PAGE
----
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Patient centered care

Kidney failure affects more than 115,000 U.S. adults every year. Patients who develop this condition must choose from a variety of treatments, such as dialysis or a kidney transplant, each of which has advantages and disadvantages that may vary depending on the individual. Unfortunately, kidney failure often occurs before patients are aware of the extent of their illness, forcing them to quickly make decisions with lifelong consequences without being fully prepared or able to make informed decisions. 


KHRI researchers are partnering with patients and a team of researchers at Duke and Johns Hopkins to measure the effectiveness of a new healthcare delivery process to improve the care of patients with advanced kidney disease. The PREPARE NOW study will employ a new care strategy to help patients understand their risks of kidney failure, understand their treatment options, obtain needed support and choose treatments that are aligned with their personal values. In a randomized controlled trial, researchers will measure the effectiveness on the new care strategy on patients’ outcomes.


An estimated 26 million adults in the United States have chronic kidney disease (CKD). Patients with CKD can progress to end-stage renal disease (ESRD) and are also at high risk for cardiovascular disease and increased mortality. Despite the fact that patients with CKD and ESRD represent only about 1% of the total Medicare population, their care accounts for nearly 10% of annual Medicare expenditures. Earlier diagnosis and treatment of CKD can slow disease progression and significantly reduce healthcare costs.

The majority of patients with CKD are managed solely by primary care physicians (PCPs), yet primary care adherence to clinical practice guidelines remains suboptimal. Major barriers to providing optimal care to patients with CKD include poor recognition of patients with CKD and lack of awareness to treatment guidelines. Electronic-health record (EHR) – based reminders and clinical decision support (CDS) have been identified as potential tools to improve the identification of CKD, facilitate monitoring, and improve adherence to treatment targets, however, studies of the use of CDS tools to improve CKD management of primary care have been mixed.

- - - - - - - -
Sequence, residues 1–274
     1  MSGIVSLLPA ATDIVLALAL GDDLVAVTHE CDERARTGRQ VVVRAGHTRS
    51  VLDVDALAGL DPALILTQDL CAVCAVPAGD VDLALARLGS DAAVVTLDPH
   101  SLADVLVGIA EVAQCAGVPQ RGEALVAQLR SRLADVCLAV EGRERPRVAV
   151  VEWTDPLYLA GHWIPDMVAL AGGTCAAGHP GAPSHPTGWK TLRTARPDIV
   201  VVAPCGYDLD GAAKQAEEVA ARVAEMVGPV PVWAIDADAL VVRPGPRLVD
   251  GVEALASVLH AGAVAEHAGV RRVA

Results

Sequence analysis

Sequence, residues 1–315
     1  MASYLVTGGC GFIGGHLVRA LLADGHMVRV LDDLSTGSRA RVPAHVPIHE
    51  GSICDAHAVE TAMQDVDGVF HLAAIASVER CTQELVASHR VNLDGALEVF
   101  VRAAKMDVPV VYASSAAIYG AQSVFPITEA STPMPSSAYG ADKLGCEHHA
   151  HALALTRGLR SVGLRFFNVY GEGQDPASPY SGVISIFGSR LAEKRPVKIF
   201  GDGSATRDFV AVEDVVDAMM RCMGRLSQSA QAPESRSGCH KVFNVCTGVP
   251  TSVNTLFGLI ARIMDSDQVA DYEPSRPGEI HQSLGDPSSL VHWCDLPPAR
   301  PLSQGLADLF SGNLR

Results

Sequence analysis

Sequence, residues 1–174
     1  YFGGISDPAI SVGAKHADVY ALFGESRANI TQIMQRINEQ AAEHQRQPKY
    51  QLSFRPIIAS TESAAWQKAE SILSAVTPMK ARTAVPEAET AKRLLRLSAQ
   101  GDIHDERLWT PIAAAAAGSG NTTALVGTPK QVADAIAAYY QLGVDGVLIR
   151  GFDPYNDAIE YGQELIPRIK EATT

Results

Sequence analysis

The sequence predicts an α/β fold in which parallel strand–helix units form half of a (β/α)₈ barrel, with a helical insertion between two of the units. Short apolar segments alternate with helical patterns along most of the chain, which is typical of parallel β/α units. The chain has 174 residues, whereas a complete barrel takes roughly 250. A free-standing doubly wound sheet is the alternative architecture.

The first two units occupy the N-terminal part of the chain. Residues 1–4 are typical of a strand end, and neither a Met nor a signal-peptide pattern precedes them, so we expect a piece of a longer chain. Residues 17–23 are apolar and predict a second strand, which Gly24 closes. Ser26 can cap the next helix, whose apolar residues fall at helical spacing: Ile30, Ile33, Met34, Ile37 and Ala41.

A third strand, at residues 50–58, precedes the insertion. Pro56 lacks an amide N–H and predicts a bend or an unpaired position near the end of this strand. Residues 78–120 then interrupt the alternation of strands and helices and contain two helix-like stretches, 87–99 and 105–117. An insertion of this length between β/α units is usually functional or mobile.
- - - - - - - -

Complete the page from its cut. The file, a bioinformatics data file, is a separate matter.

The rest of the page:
At Geisinger, nearly 15,000 patients with CKD are managed by primary care alone. The Nephrology Department has been an innovator in facilitating the primary care management of CKD through a variety of clinical decision support tools. Despite this, performance measures of primary care management of CKD remain suboptimal. Potential reasons for this include lack of awareness of CDS tools, “alert fatigue”, or confusion about CKD guidelines. We aim to better understand barriers and facilitator to primary care management of CKD at Geisinger to guide the implementation of a quality improvement program. This suggests that additional resources and support are needed to improve primary care management of CKD beyond CDS alone.

The National Kidney Foundation (NKF) recently developed CKDinform: Early Detection and Prevention to improve CKD diagnosis and create a culture of kidney preservation and protection in busy primary care settings. This program provides education and a collection of evidence based tools and protocols to significantly enhance CKD detection and treatment. These protocols can be immediately applied to practice, allowing PCPs to quickly improve CKD patient safety and reduce CKD-related adverse events. 

Through a relationship with the NKF, we aim to implement their CKDinform program within Geisinger community practice service line (CPSL) sites. We propose to enhance current CDS tools with the CKDinform program to improve provider confidence in CKD management, improve CKD quality metrics, reduce disease progression, support timely and appropriate referrals to nephrology, and ultimately reduce healthcare costs.

Related publications

Putting patients at the center of kidney care transitions - PrepareNow

Patient Education and Support During CKD Transitions: When the Possible Becomes Probable.

Green JA and Boulware LE.  
Advances in Chronic Kidney Disease. Jul;23(4):231-9.